TEN RULES FOR HEALTHY EATING
I have had some requests to offer my opinion on diet. It is always a controversial topic and a subject about which one could write volumes. Here are 10 points, in no particular order and by no means fully comprehensive that I believe are important to good health. Feel free to comment or add to my list.
- There is no evil macro nutrient.
Quality Carbohydrates, fats and protein are all essential and should be eaten in quantities that match your energy requirements and according to what works for your metabolism. There is no one size fits all!
2. Do carbohydrates make you fat?
No, eating too many calories and a diet with too many refined sugars and processed rubbish makes you fat! People associate carbohydrates exclusively with foods like pies, chips, white bread, pizza, cake, pastries, sweets, beer etc which leads to the false conclusion that carbohydrates are the enemy. Don’t get me wrong, most people would do well to reduce their carbohydrate intake particularly when weight loss is the goal, but be careful not to base your decision to cut out all carbohydrates on your past experience of over indulging on primarily low grade processed carbohydrate rich foods. Whole grains, legumes, fruit and vegetables have a vital role to play in hormonal balance, healthy metabolic function, the provision of essential micro nutrients, roughage and fibre (to name a few benefits) See 1 above.
- Eat fruit, it’s good for you
I recommend two to three servings per day.
- Eat more vegetables, you probably don’t eat enough.
Five or more servings per day, and choose from a variety of colours.
- Eat more protein, you probably don’t eat enough.
I recommend a minimum of 1.5 grams per kg body mass, and 1.5 to 2 grams per kg body mass for active people. (More is required if your protein is coming primarily from vegetables). As a guideline, 100 grams of tuna or 100 grams of chicken or steak provides 25 to 30 grams of protein (do the maths for your own body weight)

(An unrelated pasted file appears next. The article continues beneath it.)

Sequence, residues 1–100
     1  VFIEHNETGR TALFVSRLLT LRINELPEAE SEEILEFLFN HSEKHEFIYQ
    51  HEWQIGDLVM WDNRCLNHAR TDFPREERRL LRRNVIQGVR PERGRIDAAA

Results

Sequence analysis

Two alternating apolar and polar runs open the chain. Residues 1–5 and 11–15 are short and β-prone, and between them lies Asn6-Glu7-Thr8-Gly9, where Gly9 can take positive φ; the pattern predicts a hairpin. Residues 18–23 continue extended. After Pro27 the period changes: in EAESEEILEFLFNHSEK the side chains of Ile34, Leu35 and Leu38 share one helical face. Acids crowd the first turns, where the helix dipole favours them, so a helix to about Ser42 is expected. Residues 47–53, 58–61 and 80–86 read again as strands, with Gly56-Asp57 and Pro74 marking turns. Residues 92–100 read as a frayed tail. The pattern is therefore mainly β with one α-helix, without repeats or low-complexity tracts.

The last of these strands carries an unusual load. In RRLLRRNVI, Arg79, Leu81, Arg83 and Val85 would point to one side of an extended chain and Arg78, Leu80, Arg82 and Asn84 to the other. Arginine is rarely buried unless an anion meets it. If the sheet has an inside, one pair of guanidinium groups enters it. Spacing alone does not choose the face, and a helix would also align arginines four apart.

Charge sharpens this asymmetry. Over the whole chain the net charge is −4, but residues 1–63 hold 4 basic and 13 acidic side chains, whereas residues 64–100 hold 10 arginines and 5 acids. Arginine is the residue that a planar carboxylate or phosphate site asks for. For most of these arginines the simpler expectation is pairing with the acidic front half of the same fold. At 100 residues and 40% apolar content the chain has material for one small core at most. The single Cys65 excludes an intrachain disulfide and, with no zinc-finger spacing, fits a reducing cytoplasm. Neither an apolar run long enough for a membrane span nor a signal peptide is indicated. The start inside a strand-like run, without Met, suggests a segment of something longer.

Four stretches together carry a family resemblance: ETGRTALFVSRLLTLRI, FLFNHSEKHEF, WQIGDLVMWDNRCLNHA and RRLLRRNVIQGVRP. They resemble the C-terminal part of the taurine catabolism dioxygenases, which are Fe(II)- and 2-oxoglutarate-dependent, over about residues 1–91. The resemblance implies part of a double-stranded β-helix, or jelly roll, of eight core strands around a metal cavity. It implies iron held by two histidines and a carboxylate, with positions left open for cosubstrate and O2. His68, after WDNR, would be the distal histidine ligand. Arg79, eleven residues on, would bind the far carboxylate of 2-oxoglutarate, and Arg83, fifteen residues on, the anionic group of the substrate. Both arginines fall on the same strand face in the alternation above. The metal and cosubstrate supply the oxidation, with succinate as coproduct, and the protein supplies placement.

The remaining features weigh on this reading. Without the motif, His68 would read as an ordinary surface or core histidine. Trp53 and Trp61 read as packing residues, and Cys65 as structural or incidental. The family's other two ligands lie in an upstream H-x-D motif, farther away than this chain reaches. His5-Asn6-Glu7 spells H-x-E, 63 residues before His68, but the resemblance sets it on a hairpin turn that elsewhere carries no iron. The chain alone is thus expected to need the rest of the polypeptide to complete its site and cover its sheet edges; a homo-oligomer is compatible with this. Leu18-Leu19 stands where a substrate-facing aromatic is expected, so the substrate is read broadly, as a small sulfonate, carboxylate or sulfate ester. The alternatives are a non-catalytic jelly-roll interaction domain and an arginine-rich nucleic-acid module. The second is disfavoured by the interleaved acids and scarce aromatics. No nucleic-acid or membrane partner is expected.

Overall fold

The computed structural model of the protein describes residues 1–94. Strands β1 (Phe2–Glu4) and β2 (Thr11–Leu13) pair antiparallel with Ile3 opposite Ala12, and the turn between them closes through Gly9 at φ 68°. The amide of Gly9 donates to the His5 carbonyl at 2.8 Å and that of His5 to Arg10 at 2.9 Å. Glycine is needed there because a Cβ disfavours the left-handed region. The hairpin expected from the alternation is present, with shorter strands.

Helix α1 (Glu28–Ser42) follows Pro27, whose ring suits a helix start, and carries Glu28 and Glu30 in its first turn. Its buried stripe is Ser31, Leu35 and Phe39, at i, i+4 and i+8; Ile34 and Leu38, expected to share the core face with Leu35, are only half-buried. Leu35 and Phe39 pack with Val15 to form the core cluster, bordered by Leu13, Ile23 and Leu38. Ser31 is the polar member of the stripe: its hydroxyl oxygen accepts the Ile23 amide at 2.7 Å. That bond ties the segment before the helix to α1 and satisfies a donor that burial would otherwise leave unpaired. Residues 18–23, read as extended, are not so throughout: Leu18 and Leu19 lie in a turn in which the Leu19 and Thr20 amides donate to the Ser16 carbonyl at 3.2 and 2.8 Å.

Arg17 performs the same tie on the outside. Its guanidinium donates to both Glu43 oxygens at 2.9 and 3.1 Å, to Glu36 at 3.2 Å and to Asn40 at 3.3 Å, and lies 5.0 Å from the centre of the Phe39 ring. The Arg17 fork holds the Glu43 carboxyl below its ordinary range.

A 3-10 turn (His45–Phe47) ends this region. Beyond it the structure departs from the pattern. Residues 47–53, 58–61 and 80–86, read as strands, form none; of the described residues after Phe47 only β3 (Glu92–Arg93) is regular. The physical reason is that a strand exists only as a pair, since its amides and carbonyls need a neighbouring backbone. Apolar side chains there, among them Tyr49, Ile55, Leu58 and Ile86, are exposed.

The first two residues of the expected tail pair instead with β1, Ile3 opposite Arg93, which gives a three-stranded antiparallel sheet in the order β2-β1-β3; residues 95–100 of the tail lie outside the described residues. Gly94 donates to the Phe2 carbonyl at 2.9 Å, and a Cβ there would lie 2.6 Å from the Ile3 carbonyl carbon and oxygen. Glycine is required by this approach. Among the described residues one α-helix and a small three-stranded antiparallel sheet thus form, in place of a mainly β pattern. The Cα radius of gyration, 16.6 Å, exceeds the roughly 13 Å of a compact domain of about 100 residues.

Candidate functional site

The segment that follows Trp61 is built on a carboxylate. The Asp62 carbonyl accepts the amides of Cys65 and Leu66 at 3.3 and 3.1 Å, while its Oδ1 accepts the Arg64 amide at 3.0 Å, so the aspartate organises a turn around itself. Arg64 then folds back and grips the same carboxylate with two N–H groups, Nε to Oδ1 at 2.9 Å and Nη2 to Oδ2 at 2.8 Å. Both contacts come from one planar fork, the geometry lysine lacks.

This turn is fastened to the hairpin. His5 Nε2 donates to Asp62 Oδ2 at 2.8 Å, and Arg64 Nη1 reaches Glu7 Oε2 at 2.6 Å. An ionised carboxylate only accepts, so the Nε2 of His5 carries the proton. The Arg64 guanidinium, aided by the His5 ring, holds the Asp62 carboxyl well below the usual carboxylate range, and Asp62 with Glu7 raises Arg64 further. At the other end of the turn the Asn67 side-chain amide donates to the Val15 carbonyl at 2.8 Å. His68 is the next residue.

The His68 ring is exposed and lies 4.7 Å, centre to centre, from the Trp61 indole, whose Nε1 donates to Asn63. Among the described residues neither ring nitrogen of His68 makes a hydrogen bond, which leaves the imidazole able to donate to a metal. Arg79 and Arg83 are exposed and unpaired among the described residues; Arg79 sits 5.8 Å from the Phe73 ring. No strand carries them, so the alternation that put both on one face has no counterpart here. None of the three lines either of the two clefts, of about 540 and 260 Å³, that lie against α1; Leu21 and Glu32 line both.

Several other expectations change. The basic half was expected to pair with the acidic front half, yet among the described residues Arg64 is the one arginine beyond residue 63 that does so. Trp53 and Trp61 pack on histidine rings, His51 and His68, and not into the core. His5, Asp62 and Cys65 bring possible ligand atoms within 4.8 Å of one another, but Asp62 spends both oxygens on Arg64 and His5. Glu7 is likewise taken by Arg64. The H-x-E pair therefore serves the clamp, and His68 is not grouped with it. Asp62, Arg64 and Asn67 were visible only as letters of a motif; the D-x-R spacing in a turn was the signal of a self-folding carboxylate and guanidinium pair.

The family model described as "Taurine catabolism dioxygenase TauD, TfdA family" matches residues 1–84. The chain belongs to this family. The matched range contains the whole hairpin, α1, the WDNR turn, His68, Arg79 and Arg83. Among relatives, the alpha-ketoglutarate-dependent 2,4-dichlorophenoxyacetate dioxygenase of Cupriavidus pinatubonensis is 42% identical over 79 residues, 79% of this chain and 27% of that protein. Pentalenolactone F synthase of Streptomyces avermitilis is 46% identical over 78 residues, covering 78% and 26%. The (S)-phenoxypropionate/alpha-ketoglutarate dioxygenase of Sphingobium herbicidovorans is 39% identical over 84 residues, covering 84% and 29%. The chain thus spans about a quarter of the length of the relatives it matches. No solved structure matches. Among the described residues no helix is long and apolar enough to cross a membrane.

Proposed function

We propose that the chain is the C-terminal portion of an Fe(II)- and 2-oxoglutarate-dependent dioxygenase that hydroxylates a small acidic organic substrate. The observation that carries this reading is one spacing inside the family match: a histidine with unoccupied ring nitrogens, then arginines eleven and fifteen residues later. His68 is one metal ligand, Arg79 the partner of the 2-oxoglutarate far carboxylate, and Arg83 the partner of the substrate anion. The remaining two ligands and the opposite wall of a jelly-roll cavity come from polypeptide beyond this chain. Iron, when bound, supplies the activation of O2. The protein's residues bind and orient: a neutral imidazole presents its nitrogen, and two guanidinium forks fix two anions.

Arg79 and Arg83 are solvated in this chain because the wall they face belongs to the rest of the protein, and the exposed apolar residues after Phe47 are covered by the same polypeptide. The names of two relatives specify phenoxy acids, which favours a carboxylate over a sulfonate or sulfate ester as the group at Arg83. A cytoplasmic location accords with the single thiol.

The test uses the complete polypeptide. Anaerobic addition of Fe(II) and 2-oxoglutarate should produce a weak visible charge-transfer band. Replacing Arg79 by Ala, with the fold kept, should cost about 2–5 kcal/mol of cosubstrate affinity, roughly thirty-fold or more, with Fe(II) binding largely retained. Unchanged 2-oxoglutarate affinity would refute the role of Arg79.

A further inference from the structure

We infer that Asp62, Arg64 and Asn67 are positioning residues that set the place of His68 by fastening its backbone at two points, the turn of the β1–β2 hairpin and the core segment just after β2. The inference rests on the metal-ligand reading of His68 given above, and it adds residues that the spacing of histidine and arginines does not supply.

- If you eat enough protein, you probably eat enough fat. If you are getting enough protein from a variety of sources, eg meat, fish, chicken, eggs, nuts, seeds, vegetables, you’re likely getting enough fat in your diet. Don’t make a special effort to add more which will add unnecessary calories.
- Calorie counting is not an exact science, don’t obsess about it.
Chances are, with discrepancies in food databases, labeling and quantities, there is a discrepancy between the number of calories you count and what you’re actually consuming. ( by some estimations, you could be up to about 20% out). So don’t obsess too much over calorie counting unless you’re a body builder or fitness athlete. It is however a good idea to go through the exercise of tracking your food, and counting your calories over a period of time in order to develop an understanding of the calorie content of food, and an intuition for how much you should be eating. Calorie counting is something you can return to from time to time, to see that you’re staying on track, and if you have hit a wall in your weight loss, but otherwise, once you have developed that intuition, and settled into a routine, don’t obsess about it.
- Eat Regularly
Purely anecdotal, but the people I see with the best physiques have regular eating times. Whether you choose to eat three or six meals per day, I believe establishing a routine will benefit you.
- Take care of your gut
If your gut isn’t working and you’re not effectively absorbing nutrients and regulating toxins, your fitness goals, immune function and overall health will suffer. Kefir is evidently a very good probiotic, and rich in vitamins, minerals and anti-inflammatory properties, so is a good option for many to help restore your gut health. Also, a diet consisting mainly of unprocessed or minimally processed foods is key.
- Your diet is not a religion.(unless you choose to eat in a certain way for religious or ethical reasons)
You will not be angering the diet gods if you deviate from a prescribed way of eating. Paleo, Banting, Atkins, Weight Watchers, all have merit, but there may be aspects of a diet or eating philosophy that don’t agree with your system. There is no reason why you cannot combine the good elements from various diets to find what works for you. If you find yourself asking ..’am I allowed this or am I allowed that…’ too often, the diet is probably too restrictive for you to sustain in the long term.